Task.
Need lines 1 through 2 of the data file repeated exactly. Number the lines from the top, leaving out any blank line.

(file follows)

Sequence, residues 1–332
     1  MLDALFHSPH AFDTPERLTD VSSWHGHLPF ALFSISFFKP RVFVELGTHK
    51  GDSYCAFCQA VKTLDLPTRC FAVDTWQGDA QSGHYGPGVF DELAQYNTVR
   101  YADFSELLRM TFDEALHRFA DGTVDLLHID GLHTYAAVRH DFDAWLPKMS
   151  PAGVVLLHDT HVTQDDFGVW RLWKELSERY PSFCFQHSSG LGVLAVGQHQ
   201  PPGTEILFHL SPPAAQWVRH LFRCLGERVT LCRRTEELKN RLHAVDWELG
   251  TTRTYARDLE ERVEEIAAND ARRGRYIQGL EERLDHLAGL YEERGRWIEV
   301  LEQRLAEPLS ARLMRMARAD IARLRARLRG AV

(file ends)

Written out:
Sequence, residues 1–332
     1  MLDALFHSPH AFDTPERLTD VSSWHGHLPF ALFSISFFKP RVFVELGTHK